When the researchers analyzed the data, the results showed the following:

  • Wounds took a day longer to heal after the arguments than they did after the initial supportive discussion;
  • Couples who showed high levels of hostility needed two days longer for wound-healing, compared to couples whose hostility appeared low.

“Wounds on the hostile couples healed at only 60 percent of the rate of couples considered to have low levels of hostility,” Kiecolt-Glaser said.

Blood samples from those highly hostile couples showed differences as well. The levels of one cytokine – interleukin-6 (IL-6) – increased one-and-a-half times over those in couples considered less hostile.

Cytokines are key elements in the human immune system. They hold a delicate balance in maintaining the right immune response. Increased levels of IL-6 at the site of a wound stimulate the healing process but those same levels circulating throughout the bloodstream is a problem.

Sustained higher-than-normal levels of IL-6 have been linked long-term inflammation which, in turn, is implicated in a host of age-related illnesses. These include cardiovascular disease, osteoporosis, arthritis, type-2 diabetes, certain lymphoproliferative diseases and cancers, Alzheimers disease and periodontal disease, the researchers said.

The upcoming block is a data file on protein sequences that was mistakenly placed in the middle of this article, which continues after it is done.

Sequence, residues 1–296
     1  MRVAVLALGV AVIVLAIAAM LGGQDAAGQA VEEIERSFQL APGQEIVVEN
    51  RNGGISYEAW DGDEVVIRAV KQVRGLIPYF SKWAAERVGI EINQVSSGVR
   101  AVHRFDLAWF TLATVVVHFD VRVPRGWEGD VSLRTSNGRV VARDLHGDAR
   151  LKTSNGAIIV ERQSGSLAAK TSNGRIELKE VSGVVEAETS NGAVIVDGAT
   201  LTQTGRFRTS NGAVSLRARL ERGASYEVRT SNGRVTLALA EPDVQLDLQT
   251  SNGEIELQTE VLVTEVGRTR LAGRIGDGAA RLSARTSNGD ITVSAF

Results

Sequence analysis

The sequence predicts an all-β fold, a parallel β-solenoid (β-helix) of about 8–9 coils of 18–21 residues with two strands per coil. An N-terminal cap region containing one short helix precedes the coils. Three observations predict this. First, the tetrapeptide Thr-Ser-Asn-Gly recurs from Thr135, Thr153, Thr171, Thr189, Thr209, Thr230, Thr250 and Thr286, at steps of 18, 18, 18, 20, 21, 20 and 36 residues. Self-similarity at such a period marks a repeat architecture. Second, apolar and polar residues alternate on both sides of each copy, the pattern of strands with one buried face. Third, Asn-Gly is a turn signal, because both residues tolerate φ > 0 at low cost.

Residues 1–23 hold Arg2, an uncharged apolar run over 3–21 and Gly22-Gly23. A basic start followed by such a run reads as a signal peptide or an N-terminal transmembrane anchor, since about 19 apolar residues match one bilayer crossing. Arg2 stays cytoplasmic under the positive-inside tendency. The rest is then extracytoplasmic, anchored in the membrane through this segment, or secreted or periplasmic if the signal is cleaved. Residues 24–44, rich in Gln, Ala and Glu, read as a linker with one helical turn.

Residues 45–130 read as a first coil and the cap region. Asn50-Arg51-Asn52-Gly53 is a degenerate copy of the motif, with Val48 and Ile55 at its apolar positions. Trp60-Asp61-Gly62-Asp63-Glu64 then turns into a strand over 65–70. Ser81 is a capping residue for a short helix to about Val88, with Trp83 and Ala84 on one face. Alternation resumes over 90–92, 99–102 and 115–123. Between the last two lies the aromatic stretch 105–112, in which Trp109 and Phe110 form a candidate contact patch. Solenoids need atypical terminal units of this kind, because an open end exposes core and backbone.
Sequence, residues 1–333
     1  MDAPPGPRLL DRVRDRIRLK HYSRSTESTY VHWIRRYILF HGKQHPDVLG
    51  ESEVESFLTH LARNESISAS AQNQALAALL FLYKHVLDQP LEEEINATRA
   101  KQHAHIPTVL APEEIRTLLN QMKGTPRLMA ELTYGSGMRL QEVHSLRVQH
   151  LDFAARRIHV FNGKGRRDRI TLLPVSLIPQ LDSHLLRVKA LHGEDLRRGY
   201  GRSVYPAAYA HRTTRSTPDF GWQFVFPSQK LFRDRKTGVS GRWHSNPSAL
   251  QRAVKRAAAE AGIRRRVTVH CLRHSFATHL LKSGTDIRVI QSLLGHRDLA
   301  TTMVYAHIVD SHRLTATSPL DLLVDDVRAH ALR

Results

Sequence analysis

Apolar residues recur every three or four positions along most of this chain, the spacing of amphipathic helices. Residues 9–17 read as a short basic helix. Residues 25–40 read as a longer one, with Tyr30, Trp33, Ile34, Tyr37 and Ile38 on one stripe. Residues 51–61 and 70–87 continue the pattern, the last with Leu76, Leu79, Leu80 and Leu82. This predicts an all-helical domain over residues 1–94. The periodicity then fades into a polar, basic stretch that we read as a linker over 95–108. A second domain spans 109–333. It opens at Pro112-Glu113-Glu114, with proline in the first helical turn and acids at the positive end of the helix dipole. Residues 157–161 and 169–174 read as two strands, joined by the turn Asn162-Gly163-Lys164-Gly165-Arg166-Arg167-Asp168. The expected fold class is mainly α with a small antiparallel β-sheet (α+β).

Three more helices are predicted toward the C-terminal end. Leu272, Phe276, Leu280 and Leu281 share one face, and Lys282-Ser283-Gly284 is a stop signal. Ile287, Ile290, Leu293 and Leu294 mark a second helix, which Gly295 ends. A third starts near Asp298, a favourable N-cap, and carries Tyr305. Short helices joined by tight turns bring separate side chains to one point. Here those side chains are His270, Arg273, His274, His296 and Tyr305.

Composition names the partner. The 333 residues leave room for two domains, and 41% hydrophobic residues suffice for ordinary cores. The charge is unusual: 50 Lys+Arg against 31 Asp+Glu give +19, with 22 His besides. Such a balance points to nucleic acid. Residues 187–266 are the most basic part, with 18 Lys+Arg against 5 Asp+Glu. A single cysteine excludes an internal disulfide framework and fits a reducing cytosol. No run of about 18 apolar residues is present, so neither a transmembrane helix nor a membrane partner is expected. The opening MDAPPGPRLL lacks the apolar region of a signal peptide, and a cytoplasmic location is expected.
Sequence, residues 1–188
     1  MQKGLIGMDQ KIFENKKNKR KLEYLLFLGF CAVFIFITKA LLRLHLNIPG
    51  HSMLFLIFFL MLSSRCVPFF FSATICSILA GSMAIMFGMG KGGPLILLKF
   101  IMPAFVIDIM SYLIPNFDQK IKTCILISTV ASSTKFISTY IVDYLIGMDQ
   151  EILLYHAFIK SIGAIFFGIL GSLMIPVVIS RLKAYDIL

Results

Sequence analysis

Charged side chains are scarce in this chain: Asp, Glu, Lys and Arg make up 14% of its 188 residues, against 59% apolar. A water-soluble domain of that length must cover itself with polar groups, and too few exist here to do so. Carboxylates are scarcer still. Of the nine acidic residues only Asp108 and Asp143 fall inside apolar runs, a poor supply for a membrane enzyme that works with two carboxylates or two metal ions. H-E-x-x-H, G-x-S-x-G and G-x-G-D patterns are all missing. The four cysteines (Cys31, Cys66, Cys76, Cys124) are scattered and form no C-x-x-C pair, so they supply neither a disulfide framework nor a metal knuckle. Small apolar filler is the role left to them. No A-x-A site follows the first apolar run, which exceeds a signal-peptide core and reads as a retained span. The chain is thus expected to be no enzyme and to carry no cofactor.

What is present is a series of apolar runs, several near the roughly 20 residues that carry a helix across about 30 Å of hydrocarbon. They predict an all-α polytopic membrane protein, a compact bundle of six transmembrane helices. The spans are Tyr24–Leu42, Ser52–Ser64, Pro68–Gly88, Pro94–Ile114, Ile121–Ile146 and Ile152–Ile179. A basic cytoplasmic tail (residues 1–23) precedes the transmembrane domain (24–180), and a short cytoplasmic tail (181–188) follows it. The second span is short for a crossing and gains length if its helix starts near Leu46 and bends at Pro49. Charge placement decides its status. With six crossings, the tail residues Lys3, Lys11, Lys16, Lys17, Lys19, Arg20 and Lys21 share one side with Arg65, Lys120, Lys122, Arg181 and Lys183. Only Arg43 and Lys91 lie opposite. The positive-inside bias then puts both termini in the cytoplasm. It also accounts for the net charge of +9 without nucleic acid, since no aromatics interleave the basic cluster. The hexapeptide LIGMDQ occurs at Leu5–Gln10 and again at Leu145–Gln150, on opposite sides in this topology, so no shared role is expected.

“In our past wound-healing experiments, we looked at more severe stressful events,” Kiecolt-Glaser said. “This was just a marital discussion that lasted only a half-hour.

“The fact that even this can bump the healing back an entire day for minor wounds says that wound-healing is a really sensitive process.”

Glaser added, “This supports our long-held contention that even small changes in cytokine levels will have a marked effect on health.”

William Malarkey, professor of internal medicine; Stanley Lemeshow, dean of the School of Public Health and director of the Center for Biostatistics, and postdoctoral researchers Tim Loving and Jeff Stowell also worked on the research.

The work was supported in part by the National Institutes of Health.

Janice Kiecolt-Glaser | EurekAlert!
Further information:
http://www.osu.edu

More articles from Health and Medicine:

nachricht New study points the way to therapy for rare cancer that targets the young
22.11.2017 | Rockefeller University

nachricht Penn study identifies new malaria parasites in wild bonobos
21.11.2017 | University of Pennsylvania School of Medicine

All articles from Health and Medicine >>>

The most recent press releases about innovation >>>

Die letzten 5 Focus-News des innovations-reports im Überblick:

Im Focus: Frictional Heat Powers Hydrothermal Activity on Enceladus

Computer simulation shows how the icy moon heats water in a porous rock core

Heat from the friction of rocks caused by tidal forces could be the “engine” for the hydrothermal activity on Saturn's moon Enceladus. This presupposes that...

Im Focus: Nanoparticles help with malaria diagnosis – new rapid test in development